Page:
Intermediate Microeconomics

Course code ECON2001Units 10Level 2000Faculty of Business and LawNewcastle Business School

This course builds on the microeconomic principles studied in the first year by extending students’ knowledge and understanding of microeconomic phenomena and the environment within which consumers, firms, businesses and governments operate. The course provides microeconomic principles that can be applied to improve managerial decision making and the formulation of an effective public policy to improve the welfare of the citizenry. Topics include making choices under uncertainty, industry structures, markets for factors of production, firm strategy, organisational architecture or systems, market failure, regulation and firm governance. The course helps students to develop a critical thinking ability and a mastery of the theoretical and analytical tools as well as their application for solving real world microeconomic problems, thereby providing a basis for more specialised study of third year economics.

Available in 2015

Callaghan CampusSemester 1
Previously offered in 2014
ObjectivesUpon successful completion of this course students will be able to:

1. Develop a superior understanding of consumer and producer theory and the role of market structure on firm performance and social welfare.
2. Apply microeconomic concepts to inform business decisions and governance in the workplace and develop an appreciation of synergies with other disciplines in the business faculty.
3. Demonstrate a proficiency in utilising numerical and graphical techniques.
4. Work collaboratively when communicating microeconomic principles and their applications.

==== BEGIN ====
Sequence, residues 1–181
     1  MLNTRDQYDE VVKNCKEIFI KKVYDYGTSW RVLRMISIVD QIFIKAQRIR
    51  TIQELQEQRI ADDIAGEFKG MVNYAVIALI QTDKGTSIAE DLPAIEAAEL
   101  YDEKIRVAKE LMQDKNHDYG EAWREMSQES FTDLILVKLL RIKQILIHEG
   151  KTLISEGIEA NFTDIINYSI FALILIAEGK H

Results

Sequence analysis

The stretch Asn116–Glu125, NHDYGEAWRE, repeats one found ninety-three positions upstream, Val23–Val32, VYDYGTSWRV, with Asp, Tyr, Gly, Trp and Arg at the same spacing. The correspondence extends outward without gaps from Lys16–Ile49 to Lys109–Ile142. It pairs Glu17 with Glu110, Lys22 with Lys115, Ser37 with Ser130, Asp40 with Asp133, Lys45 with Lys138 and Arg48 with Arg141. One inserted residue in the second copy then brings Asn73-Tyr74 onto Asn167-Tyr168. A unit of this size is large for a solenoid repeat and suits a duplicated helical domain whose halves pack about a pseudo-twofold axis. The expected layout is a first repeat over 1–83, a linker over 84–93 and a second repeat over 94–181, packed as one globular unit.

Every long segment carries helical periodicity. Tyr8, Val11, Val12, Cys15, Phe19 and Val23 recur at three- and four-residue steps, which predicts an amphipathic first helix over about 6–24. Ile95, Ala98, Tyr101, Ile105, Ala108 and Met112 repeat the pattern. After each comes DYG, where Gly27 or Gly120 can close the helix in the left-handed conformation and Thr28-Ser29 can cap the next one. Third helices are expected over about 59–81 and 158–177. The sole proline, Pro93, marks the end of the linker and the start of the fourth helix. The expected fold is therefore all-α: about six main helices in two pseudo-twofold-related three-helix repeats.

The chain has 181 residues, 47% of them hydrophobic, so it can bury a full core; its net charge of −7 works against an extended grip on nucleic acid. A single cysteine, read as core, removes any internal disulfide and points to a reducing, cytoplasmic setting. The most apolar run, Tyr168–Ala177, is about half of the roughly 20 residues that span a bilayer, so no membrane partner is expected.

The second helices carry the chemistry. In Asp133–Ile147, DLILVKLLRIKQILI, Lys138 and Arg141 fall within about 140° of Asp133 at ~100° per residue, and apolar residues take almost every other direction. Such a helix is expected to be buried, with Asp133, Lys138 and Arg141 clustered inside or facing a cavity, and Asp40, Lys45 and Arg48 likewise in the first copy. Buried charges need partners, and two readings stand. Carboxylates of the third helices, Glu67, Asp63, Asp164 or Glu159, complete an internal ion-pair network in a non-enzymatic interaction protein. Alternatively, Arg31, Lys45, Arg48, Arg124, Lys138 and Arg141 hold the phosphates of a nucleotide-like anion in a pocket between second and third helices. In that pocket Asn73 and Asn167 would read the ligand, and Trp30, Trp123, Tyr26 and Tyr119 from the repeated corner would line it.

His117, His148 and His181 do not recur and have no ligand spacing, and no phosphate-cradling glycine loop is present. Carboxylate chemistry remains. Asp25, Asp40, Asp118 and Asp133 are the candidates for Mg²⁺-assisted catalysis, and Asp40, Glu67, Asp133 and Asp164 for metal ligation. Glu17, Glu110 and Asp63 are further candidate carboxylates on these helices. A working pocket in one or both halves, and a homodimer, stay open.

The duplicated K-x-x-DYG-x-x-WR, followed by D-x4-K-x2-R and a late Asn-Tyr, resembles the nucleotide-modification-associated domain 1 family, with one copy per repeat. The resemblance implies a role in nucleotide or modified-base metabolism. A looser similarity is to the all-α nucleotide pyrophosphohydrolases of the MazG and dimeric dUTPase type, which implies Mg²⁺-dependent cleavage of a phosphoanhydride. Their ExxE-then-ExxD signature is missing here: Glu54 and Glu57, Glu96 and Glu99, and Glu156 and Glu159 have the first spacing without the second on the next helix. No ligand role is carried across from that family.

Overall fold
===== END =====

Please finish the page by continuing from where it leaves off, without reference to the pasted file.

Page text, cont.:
5. Apply microeconomic theory to explain and inform real world economic events and debates.
6. Comprehend how economics can be utilised to improve business competitiveness through strategic industry decisions and internal firm architecture.
ContentThis course may include but is not limited to the following topics:

1. Markets and information.
2. Market demand and production costs.
3. Market structure and product pricing.
4. Economics of firm strategy.
5. Game theory and incentive contracts.
6. The Labour market.
7. Vertical integration and outsourcing.
8. Firm architecture and evaluation.
9. Internal governance in the firm.
10. Government regulation and the firm.
Replacing Course(s)This course replaces ECON2500 Microeconomics II.
TransitionThis course is not available to students who have completed ECON2500.
Industrial Experience0
Assumed KnowledgeECON1001
Modes of DeliveryInternal Mode
Teaching MethodsLecture
Assessment Items
Examination: ClassMid semester test
Essays / Written Assignments
Examination: FormalFinal exam during formal exam period.
ProjectsGroup project
Contact HoursTutorial: for 1 hour(s) per Week for Full Term
Lecture: for 2 hour(s) per Week for Full Term
Timetables2015 Course Timetables for ECON2001